Cigarette smoke inhibits nasal airway epithelial cell growth and survival
Potential conflict of interest: None provided.
Funding sources for the study: Flight Attendant Medical Research Institute (FAMRI), JK.
Correspondence to: Jean Kim, MD, PhD, Johns Hopkins Asthma and Allergy Center, 5501 Hopkins Bayview Circle, Rm 3B65A, Baltimore, MD 21224; e-mail: firstname.lastname@example.org
Cigarette smoke (CS) exposure has been shown to be associated with chronic rhinosinusitis (CRS). We hypothesized that that CS exposure results in impairment nasal epithelial cell growth and survival necessary for normal cell function. Furthermore, we hypothesized that normal nasal epithelial cell growth is dependent on vascular endothelial growth factor (VEGF) and that CS inhibits normal nasal epithelial cell growth and survival through VEGF-dependent mechanisms.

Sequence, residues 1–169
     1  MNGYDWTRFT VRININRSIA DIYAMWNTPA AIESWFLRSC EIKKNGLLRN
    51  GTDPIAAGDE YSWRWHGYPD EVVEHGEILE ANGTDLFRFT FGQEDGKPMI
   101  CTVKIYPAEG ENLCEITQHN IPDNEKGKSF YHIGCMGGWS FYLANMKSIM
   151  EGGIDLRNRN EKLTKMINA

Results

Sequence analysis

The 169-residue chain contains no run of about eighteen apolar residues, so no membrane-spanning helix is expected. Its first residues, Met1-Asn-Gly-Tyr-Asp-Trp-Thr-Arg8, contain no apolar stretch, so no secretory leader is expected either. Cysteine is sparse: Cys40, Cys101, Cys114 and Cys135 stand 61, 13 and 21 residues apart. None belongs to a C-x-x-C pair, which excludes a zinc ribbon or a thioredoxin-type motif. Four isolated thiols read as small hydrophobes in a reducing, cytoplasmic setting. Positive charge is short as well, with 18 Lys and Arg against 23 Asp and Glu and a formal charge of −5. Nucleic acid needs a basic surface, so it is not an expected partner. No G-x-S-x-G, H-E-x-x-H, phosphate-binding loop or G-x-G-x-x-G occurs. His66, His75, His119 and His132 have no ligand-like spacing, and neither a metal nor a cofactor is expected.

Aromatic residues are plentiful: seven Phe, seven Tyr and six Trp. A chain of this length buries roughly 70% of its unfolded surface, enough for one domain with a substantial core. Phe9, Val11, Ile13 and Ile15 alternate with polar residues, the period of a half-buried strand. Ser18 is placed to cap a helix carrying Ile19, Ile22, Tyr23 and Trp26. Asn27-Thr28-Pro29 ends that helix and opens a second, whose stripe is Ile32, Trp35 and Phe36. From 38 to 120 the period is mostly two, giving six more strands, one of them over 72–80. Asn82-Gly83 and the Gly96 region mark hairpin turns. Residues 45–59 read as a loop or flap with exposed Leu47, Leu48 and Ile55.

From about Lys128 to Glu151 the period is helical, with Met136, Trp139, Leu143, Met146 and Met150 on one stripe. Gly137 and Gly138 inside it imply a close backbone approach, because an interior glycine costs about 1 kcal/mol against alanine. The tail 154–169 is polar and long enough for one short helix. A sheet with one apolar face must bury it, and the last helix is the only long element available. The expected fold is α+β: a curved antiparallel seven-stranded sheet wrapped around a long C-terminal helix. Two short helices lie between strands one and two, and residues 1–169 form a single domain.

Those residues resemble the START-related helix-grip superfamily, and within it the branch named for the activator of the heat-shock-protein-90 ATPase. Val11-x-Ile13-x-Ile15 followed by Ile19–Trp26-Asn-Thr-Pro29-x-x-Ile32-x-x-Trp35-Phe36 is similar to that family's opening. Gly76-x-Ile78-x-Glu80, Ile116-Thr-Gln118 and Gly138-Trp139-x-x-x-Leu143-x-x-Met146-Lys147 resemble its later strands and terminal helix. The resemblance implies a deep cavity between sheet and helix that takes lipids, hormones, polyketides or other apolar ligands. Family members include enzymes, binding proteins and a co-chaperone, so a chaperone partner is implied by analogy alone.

To examine whether nasal epithelial cell growth is dependent upon VEGF, we exposed in vitro cultures of human primary nasal epithelial cells (PNECs) from normal subjects to blocking antibodies against the VEGF co-receptor, neuropilin-1 (NP1), and measured cell growth using a proliferation assay. To study whether CS inhibits cell growth, we exposed PNECs to cigarette smoke extract (CSE). We also examined the ability of CSE exposure of PNECs to induce apoptosis.
Exposure of PNECs from normal subjects to VEGF receptor anti-NP1 antibody resulted in inhibition of constitutive cell growth. CSE exposure resulted in dose-dependent inhibition of constitutive cell growth. Addition of anti-NP1 antibody to CSE-exposed cells resulted in no further inhibition of cell growth. CSE exposure also resulted in induction of apoptosis in a dose-dependent manner, comparable to that seen with VEGF blockade using anti-NP1 antibody.
PNECs from normal healthy control subjects display VEGF-dependent constitutive cell growth. CSE impairs cell growth and promotes apoptosis of normal healthy nasal epithelial cells. The effect of CSE may occur in part through VEGF-dependent mechanisms.